By Mike Cook
This year is the Diamond Jubilee of the Laboratory of Physical Sciences (PSL) at New Mexico State University, or 75e anniversary, a major milestone for what NMSU Chief of Staff Leslie Cervantes calls one of southern New Mexico’s “hidden gems”.
“A lot of people don’t know what PSL is or what we do,” said Marcella Shelby, Ph.D., head of strategic initiatives at PSL.
PSL was created in 1946 to support US military telemetry and missile systems, said director Eric L. Sanchez. Now, 75 years later, PSL works with the United States Department of Defense, NASA, Federal Aviation Administration, Los Alamos National Laboratory and many others on a wide range of programs and projects across the countries and around the world. About 40% of the work PSL does is classified, Sanchez said.
Housed in Clinton P. Anderson Hall, 1050 Stewart St., PSL covers 7 acres on NMSU’s Las Cruces campus.
Sanchez, a retired U.S. Army Brigadier General and former White Sands Missile Range commander, is a 1987 Distinguished Military Graduate of the NMSU with a degree in education. He became director of PSL in June 2020 after 32 years of active military service, including deployments to the Middle East and the Republic of Korea, the NMSU said.
Today, PSL’s “domain expertise” continues to include work on telemetry and missile systems, as well as electronic warfare, countermeasures to detect, avoid or distract weapon systems. or an enemy’s tactics, unmanned aerial systems, science balloons (including a program to help bring broadband to the Navajo Nation) and custom flight gear.
PSL is also an asset for business and economic development, Sanchez said, and provides educational and work opportunities for students.
Like many organizations, PSL has been slowed down by the pandemic, Sanchez said. But in mid-July, the installation “was in line with what we were doing before Covid,” he said.
“Over the past 10 years, PSL has contracted and spent on research averaging $ 37 million per year,” Shelby said.
There are plans for major growth for PSL over the next five years, including doubling the size of its program, Sanchez said. This will mean substantial investments in information technology and infrastructure, he said, and an intensification of PSL’s involvement as a regional leader in economic development and its support for student learning and education. preparation for the workforce.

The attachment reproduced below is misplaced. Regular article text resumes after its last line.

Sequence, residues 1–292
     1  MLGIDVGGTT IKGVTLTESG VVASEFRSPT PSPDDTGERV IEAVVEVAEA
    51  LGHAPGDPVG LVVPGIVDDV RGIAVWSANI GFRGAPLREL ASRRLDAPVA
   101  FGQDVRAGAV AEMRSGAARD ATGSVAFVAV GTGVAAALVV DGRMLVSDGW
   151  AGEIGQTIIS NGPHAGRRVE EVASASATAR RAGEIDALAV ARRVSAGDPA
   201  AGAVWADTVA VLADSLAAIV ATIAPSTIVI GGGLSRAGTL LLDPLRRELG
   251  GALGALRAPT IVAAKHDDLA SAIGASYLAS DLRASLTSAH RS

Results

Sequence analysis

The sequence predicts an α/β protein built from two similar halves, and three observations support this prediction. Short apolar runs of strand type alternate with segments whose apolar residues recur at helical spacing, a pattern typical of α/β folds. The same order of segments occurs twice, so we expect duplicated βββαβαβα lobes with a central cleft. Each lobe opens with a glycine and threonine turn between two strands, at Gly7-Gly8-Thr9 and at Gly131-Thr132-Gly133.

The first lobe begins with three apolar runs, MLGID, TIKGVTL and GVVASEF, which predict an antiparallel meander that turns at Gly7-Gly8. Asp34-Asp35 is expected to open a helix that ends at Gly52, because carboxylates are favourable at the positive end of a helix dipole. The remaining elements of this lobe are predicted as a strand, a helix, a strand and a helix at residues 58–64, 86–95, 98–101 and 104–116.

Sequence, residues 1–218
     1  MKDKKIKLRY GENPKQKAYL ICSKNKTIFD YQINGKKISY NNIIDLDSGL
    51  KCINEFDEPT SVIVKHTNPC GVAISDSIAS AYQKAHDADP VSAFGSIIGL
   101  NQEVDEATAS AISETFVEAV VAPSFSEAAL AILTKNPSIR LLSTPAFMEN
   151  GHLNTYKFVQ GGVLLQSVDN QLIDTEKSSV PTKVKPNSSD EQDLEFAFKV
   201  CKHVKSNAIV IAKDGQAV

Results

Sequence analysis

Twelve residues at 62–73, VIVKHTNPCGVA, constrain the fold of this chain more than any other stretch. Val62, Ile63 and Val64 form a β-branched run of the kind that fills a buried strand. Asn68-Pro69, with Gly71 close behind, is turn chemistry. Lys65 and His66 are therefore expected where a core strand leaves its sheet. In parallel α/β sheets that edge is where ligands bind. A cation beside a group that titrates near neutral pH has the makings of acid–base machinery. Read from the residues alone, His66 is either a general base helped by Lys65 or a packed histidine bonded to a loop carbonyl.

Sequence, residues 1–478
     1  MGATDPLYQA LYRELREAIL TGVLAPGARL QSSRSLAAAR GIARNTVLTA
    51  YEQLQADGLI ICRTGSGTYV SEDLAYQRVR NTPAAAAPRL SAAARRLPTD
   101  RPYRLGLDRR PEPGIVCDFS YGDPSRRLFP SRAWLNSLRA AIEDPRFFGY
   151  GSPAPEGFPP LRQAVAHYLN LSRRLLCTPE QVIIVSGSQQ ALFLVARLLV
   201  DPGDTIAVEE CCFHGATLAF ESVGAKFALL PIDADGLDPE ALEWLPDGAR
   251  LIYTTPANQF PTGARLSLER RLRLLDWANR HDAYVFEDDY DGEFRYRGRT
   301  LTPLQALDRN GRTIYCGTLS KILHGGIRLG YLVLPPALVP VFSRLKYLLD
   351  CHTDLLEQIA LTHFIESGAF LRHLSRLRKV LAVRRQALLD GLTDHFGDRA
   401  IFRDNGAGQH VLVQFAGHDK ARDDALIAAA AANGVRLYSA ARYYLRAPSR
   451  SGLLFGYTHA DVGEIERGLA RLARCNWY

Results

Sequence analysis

PLS launched the Classified Ready Employee Workforce (CREW) program in 2020 to nurture the next generation of national security workforce, Sanchez said. The two-year co-op program helps students learn about national security and gain permission to access classified systems, making them “very, very marketable” to potential employers, he said. .
CREW students have often been hired prior to graduation by companies like General Dynamics and Northrup Grumman and “are now leaders in the field,” said Shelby, who earned a doctorate in economic development from NMSU in 2015. After graduation, she worked for the New Mexico Economic Development Loan Fund and then moved to California. Shelby returned to NMSU to work for PSL in August 2020.
CREW has gained national attention from executives at Spaceport America, the Massachusetts Institute of Technology and others, Sanchez and Shelby said.
“It has to be a national program,” Sanchez said.
PSL currently has around 150 employees, including engineers, scientists and support staff, and that number is expected to increase to 200 by the end of 2022, Shelby said. The lab employs an average of 25 students and 10 co-op students each semester.
“Since 1946, nearly 20,000 students have passed through our doors as student and co-op employees,” Shelby said.
PSL has an “enthusiastic and dedicated workforce,” said Sanchez. “Everyone gives 100% every day. “
As PSL gets additional grants and contracts, there are “a lot of ideas and a lot of opportunities for innovation,” Shelby said.
“For NMSU to be successful, PSL must be successful,” Sanchez said.
“PSL has such a rich history of working on issues of national importance,” said NMSU Chancellor Dan Arvizu. “When I was a student in the 1970s, PSL was a vibrant place that did a great job, especially with satellite tracking around the world. At the time, they had hundreds of co-op students, including several of my friends. PSL is a great asset to the country, to our state and to the NMSU. “
Clinton P. Anderson Hall
The building that houses PSL was built in 1965 and consecrated that on October 23 of the same year, the 70e birthday of U.S. Senator Clinton Presba Anderson, DN.M.
Anderson (1895-1975) was a United States Senator from 1949 to 1973 and was a member of the United States House of Representatives from New Mexico, was United States Secretary of Agriculture during the Truman administration (1945-48) and was the ninth treasurer of the state of New Mexico. (1933-34).
More than 800 people attended the dedication, which included a birthday cake for Anderson. Baked by the NMSU Food Service Bakery, it was the largest cake ever baked in the state, including over 100 pounds of frosting, according to NMSU records. Anderson was chairman of the United States Senate Committee on Aeronautical and Space Sciences, 1963-73, and was a strong supporter of the United States space program.